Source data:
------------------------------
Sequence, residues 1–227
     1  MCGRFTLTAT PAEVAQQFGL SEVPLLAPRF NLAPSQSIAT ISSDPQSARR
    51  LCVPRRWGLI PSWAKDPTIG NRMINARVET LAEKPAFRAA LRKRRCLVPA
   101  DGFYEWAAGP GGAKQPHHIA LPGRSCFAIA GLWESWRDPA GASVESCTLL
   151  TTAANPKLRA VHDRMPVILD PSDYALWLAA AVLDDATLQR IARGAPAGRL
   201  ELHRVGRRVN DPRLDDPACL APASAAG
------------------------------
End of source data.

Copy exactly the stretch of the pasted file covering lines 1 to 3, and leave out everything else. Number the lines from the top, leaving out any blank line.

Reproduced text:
Sequence, residues 1–227
     1  MCGRFTLTAT PAEVAQQFGL SEVPLLAPRF NLAPSQSIAT ISSDPQSARR
    51  LCVPRRWGLI PSWAKDPTIG NRMINARVET LAEKPAFRAA LRKRRCLVPA